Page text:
There is a new article on MSDN describing Avalon’s Media Integration Layer. The article provides insight into some of the key architectural features that differentiate it from other technologies. Earlier this month, Ian Griffiths also wrote about this layer in his Graphical Composition in Avalon article, focusing on composition. Ian’s article led to a discussion on the differences between Apple’s Quartz model and the Avalon model. The MSDN article provides more insight into the differences that Ian described. Given my experience in Mac development and my limited experience with Avalon, a couple of differences jump out at me.


One of the key differences is that Quartz renders to bitmaps and then does compositing and transformations on those bitmaps. Avalon retains the drawing instructions so that it can rerender content as needed with full fidelity. For example, the Macintosh has a function to zoom in on the screen for accessibility. However, you just get a zoomed desktop. I can imagine that on Longhorn you could get a full fidelity zoom (does this already exist?). It also means that you can do things like animations completely within the MIL layer – the client code does not have to install a timer and rerender.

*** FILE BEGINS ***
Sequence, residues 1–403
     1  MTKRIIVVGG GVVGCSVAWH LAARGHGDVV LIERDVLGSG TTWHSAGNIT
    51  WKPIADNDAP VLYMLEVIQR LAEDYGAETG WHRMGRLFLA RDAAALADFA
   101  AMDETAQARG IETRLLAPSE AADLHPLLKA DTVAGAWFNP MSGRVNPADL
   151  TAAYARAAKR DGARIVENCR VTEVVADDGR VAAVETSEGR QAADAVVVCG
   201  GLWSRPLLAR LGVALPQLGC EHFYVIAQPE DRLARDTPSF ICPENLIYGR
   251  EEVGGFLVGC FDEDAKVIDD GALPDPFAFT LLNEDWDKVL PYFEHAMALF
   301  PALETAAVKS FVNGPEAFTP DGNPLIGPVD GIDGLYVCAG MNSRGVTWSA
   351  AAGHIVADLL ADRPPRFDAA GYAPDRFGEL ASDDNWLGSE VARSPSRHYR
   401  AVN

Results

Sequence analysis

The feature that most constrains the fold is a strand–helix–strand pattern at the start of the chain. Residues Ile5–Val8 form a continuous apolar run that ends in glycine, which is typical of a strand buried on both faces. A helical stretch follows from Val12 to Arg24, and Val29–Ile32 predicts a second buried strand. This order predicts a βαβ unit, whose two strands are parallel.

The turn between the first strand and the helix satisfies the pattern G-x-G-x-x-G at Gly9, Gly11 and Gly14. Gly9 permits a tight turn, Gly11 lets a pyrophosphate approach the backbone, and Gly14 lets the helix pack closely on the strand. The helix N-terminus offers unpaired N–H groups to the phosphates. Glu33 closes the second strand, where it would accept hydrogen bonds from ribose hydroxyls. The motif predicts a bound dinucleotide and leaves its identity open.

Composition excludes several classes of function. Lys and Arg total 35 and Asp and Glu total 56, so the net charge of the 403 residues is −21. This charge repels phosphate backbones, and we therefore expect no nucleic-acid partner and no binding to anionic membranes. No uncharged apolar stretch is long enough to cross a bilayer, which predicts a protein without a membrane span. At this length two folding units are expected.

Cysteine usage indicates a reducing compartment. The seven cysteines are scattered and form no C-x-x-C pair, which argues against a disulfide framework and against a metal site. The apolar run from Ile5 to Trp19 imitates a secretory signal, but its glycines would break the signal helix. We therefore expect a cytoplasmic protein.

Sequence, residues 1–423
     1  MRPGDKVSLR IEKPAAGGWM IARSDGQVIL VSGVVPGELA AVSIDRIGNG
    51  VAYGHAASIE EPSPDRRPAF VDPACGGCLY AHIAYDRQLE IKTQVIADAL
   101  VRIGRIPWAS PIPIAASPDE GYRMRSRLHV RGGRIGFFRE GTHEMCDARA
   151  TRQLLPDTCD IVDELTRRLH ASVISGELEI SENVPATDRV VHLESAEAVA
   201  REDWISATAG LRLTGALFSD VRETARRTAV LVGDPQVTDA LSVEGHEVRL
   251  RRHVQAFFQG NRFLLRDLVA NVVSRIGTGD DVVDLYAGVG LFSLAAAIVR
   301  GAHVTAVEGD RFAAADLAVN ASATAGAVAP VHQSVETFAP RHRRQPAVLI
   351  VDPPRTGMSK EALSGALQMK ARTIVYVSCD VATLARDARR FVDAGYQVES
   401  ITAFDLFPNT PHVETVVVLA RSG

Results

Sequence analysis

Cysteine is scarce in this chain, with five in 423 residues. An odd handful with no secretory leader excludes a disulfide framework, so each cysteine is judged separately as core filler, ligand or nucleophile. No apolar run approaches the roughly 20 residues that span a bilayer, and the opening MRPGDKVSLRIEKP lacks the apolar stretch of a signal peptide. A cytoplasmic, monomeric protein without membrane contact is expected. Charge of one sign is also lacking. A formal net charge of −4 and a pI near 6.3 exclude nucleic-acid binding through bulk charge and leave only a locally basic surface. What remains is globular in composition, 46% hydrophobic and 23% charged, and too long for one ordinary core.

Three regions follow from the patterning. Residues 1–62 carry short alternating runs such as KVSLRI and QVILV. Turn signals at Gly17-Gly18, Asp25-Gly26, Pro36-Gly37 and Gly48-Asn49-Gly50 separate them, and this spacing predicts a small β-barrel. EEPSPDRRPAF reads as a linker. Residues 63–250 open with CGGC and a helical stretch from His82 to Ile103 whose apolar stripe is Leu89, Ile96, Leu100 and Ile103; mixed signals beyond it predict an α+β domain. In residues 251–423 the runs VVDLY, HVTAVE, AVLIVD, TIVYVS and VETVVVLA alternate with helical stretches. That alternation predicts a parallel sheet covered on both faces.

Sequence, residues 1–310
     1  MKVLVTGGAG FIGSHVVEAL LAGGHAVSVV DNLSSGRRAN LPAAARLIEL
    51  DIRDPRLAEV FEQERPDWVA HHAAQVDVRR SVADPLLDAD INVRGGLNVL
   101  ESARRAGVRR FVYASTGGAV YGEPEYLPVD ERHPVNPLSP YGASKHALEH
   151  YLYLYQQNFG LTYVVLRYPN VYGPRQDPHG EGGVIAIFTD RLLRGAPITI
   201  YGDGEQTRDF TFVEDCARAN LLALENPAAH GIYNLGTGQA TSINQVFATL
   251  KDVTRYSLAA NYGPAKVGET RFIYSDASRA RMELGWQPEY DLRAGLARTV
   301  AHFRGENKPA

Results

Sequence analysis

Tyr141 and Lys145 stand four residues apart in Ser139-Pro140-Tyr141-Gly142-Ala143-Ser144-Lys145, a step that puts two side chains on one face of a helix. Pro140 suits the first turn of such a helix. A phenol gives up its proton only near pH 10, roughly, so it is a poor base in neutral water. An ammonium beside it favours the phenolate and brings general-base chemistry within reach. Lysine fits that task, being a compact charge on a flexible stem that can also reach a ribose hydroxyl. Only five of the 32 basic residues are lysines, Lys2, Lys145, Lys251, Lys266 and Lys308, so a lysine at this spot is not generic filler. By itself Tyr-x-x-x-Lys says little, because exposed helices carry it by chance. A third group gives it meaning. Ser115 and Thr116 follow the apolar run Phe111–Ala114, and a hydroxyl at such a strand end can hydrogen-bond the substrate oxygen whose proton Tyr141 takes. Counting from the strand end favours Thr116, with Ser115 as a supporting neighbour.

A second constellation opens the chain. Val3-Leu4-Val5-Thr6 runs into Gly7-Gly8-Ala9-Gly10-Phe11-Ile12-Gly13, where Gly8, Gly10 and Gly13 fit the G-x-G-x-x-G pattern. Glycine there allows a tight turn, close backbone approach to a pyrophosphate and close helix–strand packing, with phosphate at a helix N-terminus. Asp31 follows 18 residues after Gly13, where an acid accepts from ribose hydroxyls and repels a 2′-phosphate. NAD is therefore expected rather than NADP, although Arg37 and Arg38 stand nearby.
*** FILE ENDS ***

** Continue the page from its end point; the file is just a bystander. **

The other key difference I find interesting is deeper support throughout the OS for resolution independence. At the lowest layer, Quartz is resolution independent, but if you were to run Mac OS X on a 200 DPI monitor, everything would be tiny. There’s no way for an application to know that it’s running on a 200 DPI monitor, and there’s no way it can make things like window titles or standard controls larger. The size of Avalon controls are all specified in real world measurements, not pixels. I remember being disappointed that Apple did not solve this problem when moving to Mac OS X. I think it would have been the perfect opportunity to make this jump and update the APIs. If you’ve ever worked with small Japanese text on today’s monitors, you’d really appreciate the need for higher resolution monitors.